(Bloomberg) -- The Justice Department is formally demanding information from the country’s four biggest meatpackers over potential antitrust violations, according to a person familiar with the matter, deepening scrutiny of an industry that’s been riled by shutdowns due to the coronavirus.
The department’s antitrust division sent civil investigative demands, which are akin to subpoenas, to the companies and is talking with state attorneys general about the probe after a group of states called for an investigation, said the person, who declined to be named because the inquiry is confidential.
Meatpacking is highly consolidated with four companies -- Tyson Foods Inc., JBS SA, Cargill Inc. and National Beef Inc. -- controlling about 80% of the U.S. beef processing market. Their dominance has sparked longstanding concerns about their pricing power over livestock suppliers. The companies didn’t immediately respond to requests for comment.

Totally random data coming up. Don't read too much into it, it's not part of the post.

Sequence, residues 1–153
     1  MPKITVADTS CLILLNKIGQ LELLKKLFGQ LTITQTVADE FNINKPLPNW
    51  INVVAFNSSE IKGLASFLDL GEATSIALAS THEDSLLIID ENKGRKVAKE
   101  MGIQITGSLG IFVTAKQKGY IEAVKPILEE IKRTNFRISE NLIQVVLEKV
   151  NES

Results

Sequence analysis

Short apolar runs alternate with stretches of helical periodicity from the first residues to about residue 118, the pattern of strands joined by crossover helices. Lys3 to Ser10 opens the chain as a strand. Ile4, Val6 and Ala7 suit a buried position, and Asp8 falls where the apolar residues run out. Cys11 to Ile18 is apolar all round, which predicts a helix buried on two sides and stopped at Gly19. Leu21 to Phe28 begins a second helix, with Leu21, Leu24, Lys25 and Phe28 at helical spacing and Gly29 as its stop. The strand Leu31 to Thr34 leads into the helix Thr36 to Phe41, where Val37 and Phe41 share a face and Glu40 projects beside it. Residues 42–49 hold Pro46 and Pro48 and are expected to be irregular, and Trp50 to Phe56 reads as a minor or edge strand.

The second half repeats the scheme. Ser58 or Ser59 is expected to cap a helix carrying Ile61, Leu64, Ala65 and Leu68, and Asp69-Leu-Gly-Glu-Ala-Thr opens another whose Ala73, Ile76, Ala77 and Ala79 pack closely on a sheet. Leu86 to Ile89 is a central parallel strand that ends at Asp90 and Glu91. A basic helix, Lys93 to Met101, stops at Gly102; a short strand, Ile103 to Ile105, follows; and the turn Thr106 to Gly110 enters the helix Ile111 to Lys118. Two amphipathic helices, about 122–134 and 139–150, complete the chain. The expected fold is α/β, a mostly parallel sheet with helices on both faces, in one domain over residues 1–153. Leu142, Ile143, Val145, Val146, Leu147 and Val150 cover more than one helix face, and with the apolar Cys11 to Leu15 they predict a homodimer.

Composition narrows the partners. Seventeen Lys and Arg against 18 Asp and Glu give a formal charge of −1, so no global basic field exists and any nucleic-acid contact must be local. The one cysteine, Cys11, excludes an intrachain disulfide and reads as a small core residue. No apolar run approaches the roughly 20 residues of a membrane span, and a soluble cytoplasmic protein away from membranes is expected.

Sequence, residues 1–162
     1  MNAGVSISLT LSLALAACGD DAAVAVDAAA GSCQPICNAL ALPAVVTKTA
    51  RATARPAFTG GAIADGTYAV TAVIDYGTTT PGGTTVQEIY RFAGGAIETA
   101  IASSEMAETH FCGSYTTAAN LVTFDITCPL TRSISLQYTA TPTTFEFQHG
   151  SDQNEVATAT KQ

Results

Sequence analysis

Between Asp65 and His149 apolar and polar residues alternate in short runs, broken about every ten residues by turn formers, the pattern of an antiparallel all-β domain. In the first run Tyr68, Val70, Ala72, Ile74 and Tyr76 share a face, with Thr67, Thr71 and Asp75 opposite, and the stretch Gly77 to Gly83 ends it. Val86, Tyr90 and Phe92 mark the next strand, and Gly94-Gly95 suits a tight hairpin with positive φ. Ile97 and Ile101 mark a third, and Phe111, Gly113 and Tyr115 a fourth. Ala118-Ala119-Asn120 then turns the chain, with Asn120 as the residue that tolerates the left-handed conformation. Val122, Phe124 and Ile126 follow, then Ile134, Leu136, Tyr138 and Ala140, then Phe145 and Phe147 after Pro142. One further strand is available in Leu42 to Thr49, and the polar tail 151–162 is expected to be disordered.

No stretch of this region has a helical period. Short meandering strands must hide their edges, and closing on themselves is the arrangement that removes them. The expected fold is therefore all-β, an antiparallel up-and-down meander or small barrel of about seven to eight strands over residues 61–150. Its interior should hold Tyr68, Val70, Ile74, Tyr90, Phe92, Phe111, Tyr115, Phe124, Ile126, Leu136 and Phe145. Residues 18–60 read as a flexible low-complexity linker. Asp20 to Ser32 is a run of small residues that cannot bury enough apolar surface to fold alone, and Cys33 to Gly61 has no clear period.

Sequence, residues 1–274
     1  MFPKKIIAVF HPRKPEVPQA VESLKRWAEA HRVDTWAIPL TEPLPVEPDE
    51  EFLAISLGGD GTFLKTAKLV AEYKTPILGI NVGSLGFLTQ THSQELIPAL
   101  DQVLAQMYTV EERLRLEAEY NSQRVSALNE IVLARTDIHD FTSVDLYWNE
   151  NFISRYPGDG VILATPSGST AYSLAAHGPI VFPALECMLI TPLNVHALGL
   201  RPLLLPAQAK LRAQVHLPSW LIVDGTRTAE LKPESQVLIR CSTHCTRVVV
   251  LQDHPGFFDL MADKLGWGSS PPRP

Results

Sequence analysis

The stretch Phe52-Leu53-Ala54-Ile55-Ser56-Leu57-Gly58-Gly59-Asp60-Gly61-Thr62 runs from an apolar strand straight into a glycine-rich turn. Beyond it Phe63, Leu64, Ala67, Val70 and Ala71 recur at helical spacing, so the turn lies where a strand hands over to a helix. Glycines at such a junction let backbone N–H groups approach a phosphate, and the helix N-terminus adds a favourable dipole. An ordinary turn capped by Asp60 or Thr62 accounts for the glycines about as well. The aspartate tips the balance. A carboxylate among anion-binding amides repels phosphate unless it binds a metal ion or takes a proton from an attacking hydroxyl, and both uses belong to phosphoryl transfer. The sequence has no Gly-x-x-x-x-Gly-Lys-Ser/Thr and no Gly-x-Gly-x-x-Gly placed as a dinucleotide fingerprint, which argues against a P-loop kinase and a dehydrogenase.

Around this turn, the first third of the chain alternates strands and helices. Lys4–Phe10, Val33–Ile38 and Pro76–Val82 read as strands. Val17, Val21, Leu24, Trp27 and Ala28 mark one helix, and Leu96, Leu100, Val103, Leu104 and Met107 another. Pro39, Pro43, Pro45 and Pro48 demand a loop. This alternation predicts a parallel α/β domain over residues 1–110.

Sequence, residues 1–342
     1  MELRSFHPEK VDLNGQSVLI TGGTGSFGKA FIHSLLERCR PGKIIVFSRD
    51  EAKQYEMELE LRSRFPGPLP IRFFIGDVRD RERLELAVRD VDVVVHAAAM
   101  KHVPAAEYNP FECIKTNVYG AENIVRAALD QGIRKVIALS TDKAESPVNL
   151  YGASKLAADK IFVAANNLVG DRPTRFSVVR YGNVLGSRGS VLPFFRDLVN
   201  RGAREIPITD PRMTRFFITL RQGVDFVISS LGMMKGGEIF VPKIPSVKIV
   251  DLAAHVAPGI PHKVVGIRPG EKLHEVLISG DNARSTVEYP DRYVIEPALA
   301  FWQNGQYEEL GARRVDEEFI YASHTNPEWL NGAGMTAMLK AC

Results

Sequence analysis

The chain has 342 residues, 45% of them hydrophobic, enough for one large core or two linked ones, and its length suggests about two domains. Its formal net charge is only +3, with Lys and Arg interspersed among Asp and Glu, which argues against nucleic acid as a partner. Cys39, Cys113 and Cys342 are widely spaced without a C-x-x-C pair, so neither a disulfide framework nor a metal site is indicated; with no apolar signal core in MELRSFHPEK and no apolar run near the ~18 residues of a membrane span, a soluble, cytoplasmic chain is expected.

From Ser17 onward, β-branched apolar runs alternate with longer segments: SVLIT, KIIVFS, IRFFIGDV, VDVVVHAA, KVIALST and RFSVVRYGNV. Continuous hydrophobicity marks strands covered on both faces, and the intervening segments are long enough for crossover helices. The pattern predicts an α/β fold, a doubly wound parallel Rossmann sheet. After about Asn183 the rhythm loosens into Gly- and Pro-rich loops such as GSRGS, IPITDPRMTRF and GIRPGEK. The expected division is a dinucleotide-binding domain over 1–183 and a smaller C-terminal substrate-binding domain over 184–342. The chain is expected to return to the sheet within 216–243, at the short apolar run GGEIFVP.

The Justice Department subpoenas to the meatpackers follow criminal indictments Wednesday of four executives of chicken processing companies, including the head of Pilgrim’s Pride Corp., America’s second-biggest chicken producer.
The U.S. is grappling with a meat crisis after the coronavirus pandemic sickened thousands of workers at slaughterhouses and forced plants to close. The producers have such a stranglehold on output that even a few closures create bottlenecks that ripple through the supply chain.
The disruptions have led to meat shortages and higher prices, even after President Donald Trump signed an executive order to keep plants running. With nowhere to send market-ready animals, hog farmers are set to euthanize millions of pigs, while cattle feeders are holding back animals or sending them into pastures.
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